Orton Gillingham: Ideas for Speech Therapy

I just learned another way to blend literacy with speech/language therapy. I just completed a 30-hour training course to become Certified in Orton Gillingham (O-G) (1). I was looking forward to learning this popular alternative to teaching reading and writing.  What I didn’t expect, was to come away from this O-G course with the realization that private speech therapy has become an alternative rather than a supplement to public education.

The O-G course was a week long, thoroughly pragmatic description of how to teach reading. Ten of the 12 participants were classroom teachers. One was a parent home-schooling her child and the other was me. The instructor was enthusiastic, patient and knew the material inside and out. There were frequent conversations about how lessons could be adapted for specific children and settings. I was completely satisfied with the class.

It seems to me that O-G has a step-by-step linguistic hierarchy that could be applied to learning fluency tools. Easy onset, reduced speaking rate, resisting time pressure, voluntary stuttering, and stuttering modifications could be taught in conjunction with a review of the rules of English reading and writing.  Speaking, reading, writing, listening, and literature would become a part of every speech therapy session right from the get-go at appropriate skill levels.  Literacy concepts could also be taught in combination with sessions on acceptance of stuttering, non-avoidance, desensitization, and self-expression. Multisensory experiences and practice drills could find a place in every lesson plan.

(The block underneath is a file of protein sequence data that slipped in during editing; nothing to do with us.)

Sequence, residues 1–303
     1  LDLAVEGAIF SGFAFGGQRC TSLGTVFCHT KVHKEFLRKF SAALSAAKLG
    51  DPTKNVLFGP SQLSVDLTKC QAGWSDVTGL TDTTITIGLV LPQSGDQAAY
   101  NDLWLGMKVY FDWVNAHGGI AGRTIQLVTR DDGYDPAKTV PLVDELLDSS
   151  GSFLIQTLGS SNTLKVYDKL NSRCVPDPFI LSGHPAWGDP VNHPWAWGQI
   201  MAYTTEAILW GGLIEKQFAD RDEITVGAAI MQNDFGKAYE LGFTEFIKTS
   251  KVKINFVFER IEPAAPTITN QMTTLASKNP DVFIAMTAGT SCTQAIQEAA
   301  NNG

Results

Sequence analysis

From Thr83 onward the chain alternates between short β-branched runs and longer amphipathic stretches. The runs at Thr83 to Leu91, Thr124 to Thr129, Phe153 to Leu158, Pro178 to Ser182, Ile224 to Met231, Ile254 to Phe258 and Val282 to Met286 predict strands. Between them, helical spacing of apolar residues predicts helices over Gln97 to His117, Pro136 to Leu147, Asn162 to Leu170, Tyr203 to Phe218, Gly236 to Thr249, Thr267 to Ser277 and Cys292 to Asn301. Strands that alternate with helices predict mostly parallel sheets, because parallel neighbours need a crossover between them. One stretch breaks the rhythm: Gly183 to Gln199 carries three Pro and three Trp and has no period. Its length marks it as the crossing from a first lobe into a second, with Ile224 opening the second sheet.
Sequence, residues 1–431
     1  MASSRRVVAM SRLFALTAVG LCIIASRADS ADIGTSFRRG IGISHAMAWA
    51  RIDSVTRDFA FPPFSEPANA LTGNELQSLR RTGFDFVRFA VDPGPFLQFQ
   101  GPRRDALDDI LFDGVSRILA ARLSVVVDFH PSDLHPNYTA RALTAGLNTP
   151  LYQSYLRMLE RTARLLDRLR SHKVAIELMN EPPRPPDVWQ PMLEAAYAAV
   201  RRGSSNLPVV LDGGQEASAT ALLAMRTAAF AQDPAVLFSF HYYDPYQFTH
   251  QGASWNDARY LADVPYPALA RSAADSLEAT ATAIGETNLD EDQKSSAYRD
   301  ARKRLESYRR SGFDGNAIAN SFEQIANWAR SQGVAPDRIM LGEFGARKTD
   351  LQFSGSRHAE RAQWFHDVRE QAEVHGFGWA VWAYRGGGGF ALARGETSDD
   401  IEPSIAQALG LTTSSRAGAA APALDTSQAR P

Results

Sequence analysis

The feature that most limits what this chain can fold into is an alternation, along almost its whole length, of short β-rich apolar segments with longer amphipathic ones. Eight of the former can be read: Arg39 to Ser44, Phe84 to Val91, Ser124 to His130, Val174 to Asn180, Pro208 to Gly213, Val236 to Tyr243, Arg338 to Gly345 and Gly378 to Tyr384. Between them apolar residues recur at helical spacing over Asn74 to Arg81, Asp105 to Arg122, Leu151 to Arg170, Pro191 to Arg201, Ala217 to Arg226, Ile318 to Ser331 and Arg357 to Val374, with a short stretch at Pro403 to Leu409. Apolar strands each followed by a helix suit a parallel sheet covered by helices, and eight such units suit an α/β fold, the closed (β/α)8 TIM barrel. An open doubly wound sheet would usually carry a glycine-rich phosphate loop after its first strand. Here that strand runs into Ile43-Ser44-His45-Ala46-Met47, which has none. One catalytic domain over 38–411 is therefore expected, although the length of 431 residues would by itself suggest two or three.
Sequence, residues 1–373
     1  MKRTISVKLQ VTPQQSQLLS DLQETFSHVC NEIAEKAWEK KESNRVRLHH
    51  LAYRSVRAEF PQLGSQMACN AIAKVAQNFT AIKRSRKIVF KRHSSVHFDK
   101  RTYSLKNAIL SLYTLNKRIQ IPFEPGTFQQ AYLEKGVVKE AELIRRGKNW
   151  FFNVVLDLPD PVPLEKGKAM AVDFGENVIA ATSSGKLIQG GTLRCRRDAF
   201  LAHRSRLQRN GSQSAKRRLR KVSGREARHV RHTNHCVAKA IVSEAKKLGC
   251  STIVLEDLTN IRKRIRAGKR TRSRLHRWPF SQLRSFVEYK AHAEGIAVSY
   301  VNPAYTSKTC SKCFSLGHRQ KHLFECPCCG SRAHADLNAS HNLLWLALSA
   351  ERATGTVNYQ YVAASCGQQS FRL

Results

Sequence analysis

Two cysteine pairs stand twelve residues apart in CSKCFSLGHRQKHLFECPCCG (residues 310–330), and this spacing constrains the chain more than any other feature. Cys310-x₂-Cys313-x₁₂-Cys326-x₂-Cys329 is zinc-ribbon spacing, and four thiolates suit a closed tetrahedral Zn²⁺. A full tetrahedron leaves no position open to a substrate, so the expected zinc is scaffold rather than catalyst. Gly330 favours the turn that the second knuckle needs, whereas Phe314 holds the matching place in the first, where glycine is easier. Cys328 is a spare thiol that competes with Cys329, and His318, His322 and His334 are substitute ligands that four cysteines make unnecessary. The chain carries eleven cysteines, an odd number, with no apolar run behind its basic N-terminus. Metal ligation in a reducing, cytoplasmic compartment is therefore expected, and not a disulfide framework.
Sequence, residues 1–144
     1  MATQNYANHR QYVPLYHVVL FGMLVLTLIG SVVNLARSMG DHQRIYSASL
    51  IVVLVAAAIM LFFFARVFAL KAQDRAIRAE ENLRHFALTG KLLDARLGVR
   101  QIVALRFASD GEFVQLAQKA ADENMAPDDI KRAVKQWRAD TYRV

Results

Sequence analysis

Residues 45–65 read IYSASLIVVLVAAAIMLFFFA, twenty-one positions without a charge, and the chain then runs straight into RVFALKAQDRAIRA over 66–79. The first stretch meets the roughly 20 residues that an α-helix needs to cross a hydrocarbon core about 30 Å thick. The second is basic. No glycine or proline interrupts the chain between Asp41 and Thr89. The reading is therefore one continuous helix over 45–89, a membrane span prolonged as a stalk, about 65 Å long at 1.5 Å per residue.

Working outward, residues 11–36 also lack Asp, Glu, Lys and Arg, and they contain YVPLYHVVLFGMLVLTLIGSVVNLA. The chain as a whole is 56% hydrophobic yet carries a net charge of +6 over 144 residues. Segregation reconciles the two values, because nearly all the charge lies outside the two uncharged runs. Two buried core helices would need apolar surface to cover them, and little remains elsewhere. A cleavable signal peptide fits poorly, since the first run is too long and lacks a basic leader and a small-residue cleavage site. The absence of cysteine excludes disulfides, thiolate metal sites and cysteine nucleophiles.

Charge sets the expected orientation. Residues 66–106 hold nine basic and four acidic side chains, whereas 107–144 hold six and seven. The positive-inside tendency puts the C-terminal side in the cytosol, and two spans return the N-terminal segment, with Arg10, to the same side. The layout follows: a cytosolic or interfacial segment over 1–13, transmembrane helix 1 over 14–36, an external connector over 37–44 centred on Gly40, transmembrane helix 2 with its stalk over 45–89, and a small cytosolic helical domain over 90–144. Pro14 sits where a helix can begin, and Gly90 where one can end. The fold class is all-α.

The practice drill has become more common in public education because of a teaching protocol called Response to Intervention (RTI). I attended a day-long workshop on RTI in 2008 (2). RTI protocol emphasizes drill and data collection.  The emergence of RTI foreshadowed the demise of special education. It permits children to qualify for extra help without undergoing lengthy and expensive team evaluations. Using an RTI intervention model, school districts can economize by assigning volunteers and assistants to complete practice drills with students who need help in small groups within the classroom. My O-G course instructor said the “beauty of O-G is that anyone can do it.” Highly structured programs such as O-G fit well into an RTI model.